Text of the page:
How coronavirus is making virtual galleries go viral

More people are visiting cultural institutions than ever before – even on lockdown

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As the coronavirus forces many cultural institutions and spaces to close their doors, consumer appetite for online experiences is booming. Stuck at home, one might as well take a scroll through the Louvre.

The Courtauld Gallery’s virtual tour received 723 per cent more visitors last week than the seven days before: an unprecedented figure, explains the gallery spokesperson. Meanwhile, the British Museum’s online collection page jumped from roughly 2000 daily visits to 175,000 early last week, and is now averaging 75,000 a day.

London’s National Gallery has also tracked increased digital demand, with footfall to its virtual tour rising by 1000 percent compared to this time last year. Similarly, Google Arts and Culture - which provides hundreds of virtual tours for world leading museums - has witnessed rising traffic in recent weeks.

“[Since 2011, our team has made] culture more accessible through technology. We have a range of augmented-reality, virtual-reality, and AI features that are immersive, fun and educational – hopefully people can find these of use at such unprecedented times,” said a Google spokesperson. Google Arts and Culture also boast a highly-rated app, including popular features such as the Art Selfie, which matches portraits and pieces of art to users’ selfies.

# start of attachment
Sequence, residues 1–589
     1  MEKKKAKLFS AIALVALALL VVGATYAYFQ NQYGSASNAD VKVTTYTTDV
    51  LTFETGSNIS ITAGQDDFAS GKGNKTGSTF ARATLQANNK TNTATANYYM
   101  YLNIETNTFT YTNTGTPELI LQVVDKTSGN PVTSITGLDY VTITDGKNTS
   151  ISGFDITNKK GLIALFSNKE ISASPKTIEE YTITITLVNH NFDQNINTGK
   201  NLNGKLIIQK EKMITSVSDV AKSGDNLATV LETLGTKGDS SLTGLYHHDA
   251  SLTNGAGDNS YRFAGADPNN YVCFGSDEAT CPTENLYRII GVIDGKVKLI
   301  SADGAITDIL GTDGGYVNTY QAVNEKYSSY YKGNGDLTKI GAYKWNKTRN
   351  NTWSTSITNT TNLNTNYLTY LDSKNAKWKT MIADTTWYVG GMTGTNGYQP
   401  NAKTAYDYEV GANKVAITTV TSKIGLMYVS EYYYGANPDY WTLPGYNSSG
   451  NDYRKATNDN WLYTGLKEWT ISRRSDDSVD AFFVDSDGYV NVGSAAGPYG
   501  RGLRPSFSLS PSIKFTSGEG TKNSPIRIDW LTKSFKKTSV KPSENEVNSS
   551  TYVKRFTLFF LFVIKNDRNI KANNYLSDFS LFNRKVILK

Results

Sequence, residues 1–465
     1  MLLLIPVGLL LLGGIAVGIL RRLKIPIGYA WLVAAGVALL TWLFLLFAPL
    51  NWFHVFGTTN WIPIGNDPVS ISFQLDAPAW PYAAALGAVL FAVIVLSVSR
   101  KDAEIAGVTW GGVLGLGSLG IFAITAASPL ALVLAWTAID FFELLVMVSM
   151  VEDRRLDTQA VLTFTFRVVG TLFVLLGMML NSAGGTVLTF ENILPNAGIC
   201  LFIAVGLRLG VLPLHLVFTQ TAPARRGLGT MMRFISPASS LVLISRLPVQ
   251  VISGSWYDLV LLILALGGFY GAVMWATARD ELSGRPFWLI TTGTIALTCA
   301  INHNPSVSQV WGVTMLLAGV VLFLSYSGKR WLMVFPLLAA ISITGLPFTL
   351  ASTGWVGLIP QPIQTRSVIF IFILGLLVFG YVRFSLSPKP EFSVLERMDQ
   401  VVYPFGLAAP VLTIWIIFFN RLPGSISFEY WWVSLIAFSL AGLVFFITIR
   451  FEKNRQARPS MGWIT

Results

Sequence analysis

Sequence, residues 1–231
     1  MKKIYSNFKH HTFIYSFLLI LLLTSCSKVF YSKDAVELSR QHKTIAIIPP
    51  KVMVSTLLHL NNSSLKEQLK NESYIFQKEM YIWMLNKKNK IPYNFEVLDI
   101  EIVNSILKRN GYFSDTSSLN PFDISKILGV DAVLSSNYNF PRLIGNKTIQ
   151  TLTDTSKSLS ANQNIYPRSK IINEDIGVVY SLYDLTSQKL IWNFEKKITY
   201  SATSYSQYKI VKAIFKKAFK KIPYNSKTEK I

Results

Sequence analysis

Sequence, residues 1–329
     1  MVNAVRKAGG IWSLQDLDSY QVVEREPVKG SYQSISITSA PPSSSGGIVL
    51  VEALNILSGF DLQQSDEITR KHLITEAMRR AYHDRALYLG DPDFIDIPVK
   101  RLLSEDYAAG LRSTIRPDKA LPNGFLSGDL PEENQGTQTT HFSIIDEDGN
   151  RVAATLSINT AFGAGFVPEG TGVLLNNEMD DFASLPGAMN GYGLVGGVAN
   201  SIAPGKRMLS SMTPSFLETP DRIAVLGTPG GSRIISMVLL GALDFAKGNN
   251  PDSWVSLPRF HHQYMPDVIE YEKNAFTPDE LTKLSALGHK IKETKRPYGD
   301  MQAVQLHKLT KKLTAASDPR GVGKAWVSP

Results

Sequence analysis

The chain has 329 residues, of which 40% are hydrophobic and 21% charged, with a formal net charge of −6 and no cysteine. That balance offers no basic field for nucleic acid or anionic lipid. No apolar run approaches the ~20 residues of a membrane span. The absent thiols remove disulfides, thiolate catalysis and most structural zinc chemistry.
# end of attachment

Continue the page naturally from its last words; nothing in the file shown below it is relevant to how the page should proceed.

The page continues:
Further evidence of audiences’ online shift includes Swiss modern art gallery, Hauser & Wirth, whose virtual viewing rooms have welcomed 200,000 visits over the last three weeks, compared to 1 million views for all of last year, according to president Iwan Wirth.

Adapting to the new status quo, museums and galleries are stepping up the launch of new or inaugural online platforms. For example, Florence's Palazzo Strozzi recently released a digital platform called IN TOUCH, showcasing Argentine artist Tomás Saraceno’s major exhibition online.

Supporting the launch, Ai Weiwei sent a video of encouragement in which he stated: “Coronavirus is a challenge of this special time. Many people are suffering. There’s no border. No nationality or different class or religion can really escape from this almost very democratic virus…[We need] to have some kind of positive attitude: stay home and stay together.”

Closed temporarily until the 30th of April, the Kunstmuseum Basel is also finding new ways to raise the visibility of its online exhibitions. “Especially in a time of uncertainty, art is important as a means of reflection and inspiration. That is why we are strengthening our online communication and bringing art to where you are,” a spokesperson from the museum said.

Similarly, Amsterdam’s Van Gogh Museum launched its We bring the museum to you online resource, while its YouTube channel is now giving audiences 4K-video gallery tours. Although museums across the globe are improving their digital engagement strategy, the sector remains under immense strain from Covid-19’s disruption. In an increasingly familiar story, the Australian arts industry recently called for emergency state assistance.

Meanwhile, the UK government is in talks with Arts Council England – a public fund for cultural bodies – to help save museums, galleries and theatres at risk of financial ruin. 

Sebastian Shehadi is global markets editor of the Financial Times’ fDI Intelligence. He tweets at @seblebanon

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